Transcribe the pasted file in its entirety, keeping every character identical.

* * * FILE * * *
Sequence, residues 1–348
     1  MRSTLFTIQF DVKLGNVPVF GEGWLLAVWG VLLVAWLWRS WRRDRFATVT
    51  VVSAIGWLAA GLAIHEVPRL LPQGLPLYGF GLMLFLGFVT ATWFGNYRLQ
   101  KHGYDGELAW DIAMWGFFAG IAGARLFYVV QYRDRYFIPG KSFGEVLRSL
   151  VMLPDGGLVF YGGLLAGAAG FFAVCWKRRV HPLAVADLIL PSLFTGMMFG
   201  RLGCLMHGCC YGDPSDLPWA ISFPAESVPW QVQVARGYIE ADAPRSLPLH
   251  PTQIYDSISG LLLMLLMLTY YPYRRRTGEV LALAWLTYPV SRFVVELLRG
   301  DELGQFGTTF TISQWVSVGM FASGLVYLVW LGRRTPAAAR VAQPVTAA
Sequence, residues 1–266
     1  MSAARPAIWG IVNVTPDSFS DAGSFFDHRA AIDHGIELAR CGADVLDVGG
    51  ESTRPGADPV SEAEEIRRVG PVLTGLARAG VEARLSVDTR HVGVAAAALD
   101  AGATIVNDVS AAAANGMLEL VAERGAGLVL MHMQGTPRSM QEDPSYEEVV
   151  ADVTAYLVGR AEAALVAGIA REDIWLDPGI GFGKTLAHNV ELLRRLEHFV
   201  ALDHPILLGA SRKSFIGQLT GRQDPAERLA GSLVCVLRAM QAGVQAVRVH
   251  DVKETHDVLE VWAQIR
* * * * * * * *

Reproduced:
Sequence, residues 1–348
     1  MRSTLFTIQF DVKLGNVPVF GEGWLLAVWG VLLVAWLWRS WRRDRFATVT
    51  VVSAIGWLAA GLAIHEVPRL LPQGLPLYGF GLMLFLGFVT ATWFGNYRLQ
   101  KHGYDGELAW DIAMWGFFAG IAGARLFYVV QYRDRYFIPG KSFGEVLRSL
   151  VMLPDGGLVF YGGLLAGAAG FFAVCWKRRV HPLAVADLIL PSLFTGMMFG
   201  RLGCLMHGCC YGDPSDLPWA ISFPAESVPW QVQVARGYIE ADAPRSLPLH
   251  PTQIYDSISG LLLMLLMLTY YPYRRRTGEV LALAWLTYPV SRFVVELLRG
   301  DELGQFGTTF TISQWVSVGM FASGLVYLVW LGRRTPAAAR VAQPVTAA
Sequence, residues 1–266
     1  MSAARPAIWG IVNVTPDSFS DAGSFFDHRA AIDHGIELAR CGADVLDVGG
    51  ESTRPGADPV SEAEEIRRVG PVLTGLARAG VEARLSVDTR HVGVAAAALD
   101  AGATIVNDVS AAAANGMLEL VAERGAGLVL MHMQGTPRSM QEDPSYEEVV
   151  ADVTAYLVGR AEAALVAGIA REDIWLDPGI GFGKTLAHNV ELLRRLEHFV
   201  ALDHPILLGA SRKSFIGQLT GRQDPAERLA GSLVCVLRAM QAGVQAVRVH
   251  DVKETHDVLE VWAQIR